The objective of this study was to characterize the incidence and progression of scoliosis in the natural history of Friedreich's ataxia (FRDA) and document the factors leading to the requirement for corrective surgery. Data on the prevalence of scoliosis and scoliosis surgery from up to 17 years of follow-up collected during a large natural history study in FRDA (1116 patients at 4928 visits) were summarized descriptively and subjected to time to event analyses. Well over 90% of early or typical FRDA patients (as determined by age of onset) developed intermediate to severe scoliosis, while patients with a later onset (>14 years) had no or much lower prevalence of scoliosis. Diagnosis of scoliosis occurs during the onset of ataxia and in rare cases even prior to that. Major progression follows throughout the growth phase and puberty, leading to the need for surgical intervention in more than 50% of individuals in the most severe subgroup. The youngest patients appear to delay surgery until the end of the growth period, leading to further progression before surgical intervention. Age of onset of FRDA before or after reaching 15 years sharply separated severe and relatively mild incidence and progression of scoliosis. Scoliosis is an important comorbidity of FRDA. This comprehensive documentation of scoliosis progression in this natural history study provides a baseline for comparison as novel treatments become available.

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April Monthly Update for Researchers


FARA Flash Talks

May is FA Awareness Month and one way to bring more awareness to FA is to share FARA funded research with the broader FA community and foster career development for young investigators.

With that in mind, FARA is proud to present: The FA Research Flash Talks series - featuring Young Investigators from FARA funded laboratories around the world. This four-part series will cover key aspects of FARA funded research from gene silencing and disease mechanisms to therapeutic avenues and clinical insights. Each session will include Flash Talks from four to five Young Investigators. Each Flash Talk will be limited to a maximum of five minutes and a single PowerPoint slide and will be suitable for a lay audience.

The series starts tonight, Thursday, May 6th at 7pm (EDT), and will continue weekly. Click HERE to register for one, two, three, or all four of the sessions.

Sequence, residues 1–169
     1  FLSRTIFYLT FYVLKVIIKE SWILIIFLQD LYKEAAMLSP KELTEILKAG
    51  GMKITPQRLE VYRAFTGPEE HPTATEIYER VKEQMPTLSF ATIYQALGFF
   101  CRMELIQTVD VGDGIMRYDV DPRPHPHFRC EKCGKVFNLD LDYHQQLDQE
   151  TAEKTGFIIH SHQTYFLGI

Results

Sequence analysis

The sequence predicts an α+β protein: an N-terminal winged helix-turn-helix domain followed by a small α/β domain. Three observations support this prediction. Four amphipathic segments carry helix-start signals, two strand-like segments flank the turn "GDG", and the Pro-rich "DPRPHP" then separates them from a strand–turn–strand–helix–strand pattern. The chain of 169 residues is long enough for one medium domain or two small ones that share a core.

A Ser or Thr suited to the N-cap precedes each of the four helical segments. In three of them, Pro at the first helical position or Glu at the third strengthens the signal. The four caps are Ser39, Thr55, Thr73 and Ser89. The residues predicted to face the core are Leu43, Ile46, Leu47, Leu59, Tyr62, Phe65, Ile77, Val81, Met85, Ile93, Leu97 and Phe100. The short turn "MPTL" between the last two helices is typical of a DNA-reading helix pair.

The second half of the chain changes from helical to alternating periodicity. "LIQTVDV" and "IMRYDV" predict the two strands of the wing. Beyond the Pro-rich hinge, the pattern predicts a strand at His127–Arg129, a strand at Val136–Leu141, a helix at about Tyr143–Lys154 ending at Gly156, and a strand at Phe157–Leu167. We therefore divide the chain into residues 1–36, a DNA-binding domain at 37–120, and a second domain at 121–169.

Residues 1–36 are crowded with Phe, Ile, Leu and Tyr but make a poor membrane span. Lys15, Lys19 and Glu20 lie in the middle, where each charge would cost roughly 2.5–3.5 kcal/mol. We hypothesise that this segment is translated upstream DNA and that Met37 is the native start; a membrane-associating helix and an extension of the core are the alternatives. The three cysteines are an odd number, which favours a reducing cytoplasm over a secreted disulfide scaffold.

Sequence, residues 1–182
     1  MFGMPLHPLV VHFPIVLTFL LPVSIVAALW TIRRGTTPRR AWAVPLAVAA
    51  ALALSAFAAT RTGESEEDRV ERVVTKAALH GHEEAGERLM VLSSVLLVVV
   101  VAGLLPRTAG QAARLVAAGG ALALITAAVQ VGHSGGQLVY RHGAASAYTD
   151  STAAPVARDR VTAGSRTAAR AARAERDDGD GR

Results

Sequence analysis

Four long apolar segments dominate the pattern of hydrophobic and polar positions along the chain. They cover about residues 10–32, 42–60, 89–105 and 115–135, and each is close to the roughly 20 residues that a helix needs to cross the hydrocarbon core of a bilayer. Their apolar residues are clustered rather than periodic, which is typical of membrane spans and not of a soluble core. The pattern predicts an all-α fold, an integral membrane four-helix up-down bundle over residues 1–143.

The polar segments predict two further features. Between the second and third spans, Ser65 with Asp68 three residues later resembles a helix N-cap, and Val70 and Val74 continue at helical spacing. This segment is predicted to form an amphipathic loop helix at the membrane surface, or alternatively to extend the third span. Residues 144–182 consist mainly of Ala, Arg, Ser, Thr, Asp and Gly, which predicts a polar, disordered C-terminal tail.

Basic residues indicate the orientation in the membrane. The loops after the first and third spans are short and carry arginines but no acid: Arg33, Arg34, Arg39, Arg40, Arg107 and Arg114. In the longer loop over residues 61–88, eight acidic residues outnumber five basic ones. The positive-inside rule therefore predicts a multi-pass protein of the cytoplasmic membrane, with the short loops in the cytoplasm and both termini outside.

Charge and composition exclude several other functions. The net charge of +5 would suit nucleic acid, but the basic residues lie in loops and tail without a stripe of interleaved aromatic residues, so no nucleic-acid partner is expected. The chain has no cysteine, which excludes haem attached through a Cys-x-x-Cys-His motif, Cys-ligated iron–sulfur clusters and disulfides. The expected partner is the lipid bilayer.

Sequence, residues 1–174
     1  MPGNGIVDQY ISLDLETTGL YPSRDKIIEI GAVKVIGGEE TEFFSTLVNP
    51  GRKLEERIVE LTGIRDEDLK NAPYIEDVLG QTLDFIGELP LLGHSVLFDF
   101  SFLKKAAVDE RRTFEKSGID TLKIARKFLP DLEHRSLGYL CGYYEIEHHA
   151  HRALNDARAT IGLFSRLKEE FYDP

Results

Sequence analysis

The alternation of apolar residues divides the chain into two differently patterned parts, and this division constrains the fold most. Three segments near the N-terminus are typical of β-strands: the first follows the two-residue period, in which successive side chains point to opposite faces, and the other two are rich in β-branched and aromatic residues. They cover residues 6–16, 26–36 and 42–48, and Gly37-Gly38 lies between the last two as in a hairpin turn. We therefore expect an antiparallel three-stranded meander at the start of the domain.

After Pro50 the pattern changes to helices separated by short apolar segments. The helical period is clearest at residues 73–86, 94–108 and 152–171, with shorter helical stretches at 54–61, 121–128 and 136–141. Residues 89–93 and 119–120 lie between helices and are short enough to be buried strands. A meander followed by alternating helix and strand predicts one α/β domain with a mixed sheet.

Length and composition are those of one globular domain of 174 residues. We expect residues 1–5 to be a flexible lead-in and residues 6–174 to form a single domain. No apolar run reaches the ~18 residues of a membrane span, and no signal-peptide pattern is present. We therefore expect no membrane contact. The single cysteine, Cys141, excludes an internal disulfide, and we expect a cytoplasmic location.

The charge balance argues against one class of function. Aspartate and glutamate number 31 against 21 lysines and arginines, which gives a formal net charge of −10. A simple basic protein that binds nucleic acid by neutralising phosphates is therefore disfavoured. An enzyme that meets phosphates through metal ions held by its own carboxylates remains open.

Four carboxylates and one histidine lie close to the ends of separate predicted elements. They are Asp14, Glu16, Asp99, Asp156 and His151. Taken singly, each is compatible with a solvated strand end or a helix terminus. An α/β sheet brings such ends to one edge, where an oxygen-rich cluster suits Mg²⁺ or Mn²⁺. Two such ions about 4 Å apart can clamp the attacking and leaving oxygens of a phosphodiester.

More...
Read the Full April Monthly Update for Researchers
 

Frataxin deficiency promotes endothelial senescence in pulmonary hypertension

The dynamic regulation of endothelial pathophenotypes in pulmonary hypertension (PH) remains undefined. Cellular senescence is linked to PH with intracardiac shunts; however, its regulation across PH subtypes is unknown. Since endothelial deficiency of iron-sulfur (Fe-S) clusters is pathogenic in PH, the authors hypothesized that a Fe-S biogenesis protein, frataxin (FXN), controls endothelial senescence. An endothelial subpopulation in rodent and patient lungs across PH subtypes exhibited reduced FXN and elevated senescence. In vitro, hypoxic and inflammatory FXN deficiency abrogated activity of endothelial Fe-S-containing polymerases, promoting replication stress, DNA damage response, and senescence. This was also observed in stem cell-derived endothelial cells from Friedreich's ataxia (FRDA), a genetic disease of FXN deficiency, ataxia, and cardiomyopathy, often with PH. In vivo, FXN deficiency-dependent senescence drove vessel inflammation, remodeling, and PH, while pharmacologic removal of senescent cells in Fxn-deficient rodents ameliorated PH. These data offer a model of endothelial biology in PH, where FXN deficiency generates a senescent endothelial subpopulation, promoting vascular inflammatory and proliferative signals in other cells to drive disease. These findings also establish an endothelial etiology for PH in FRDA and left heart disease and support therapeutic development of senolytic drugs, reversing effects of Fe-S deficiency across PH subtypes.

Read the Full article here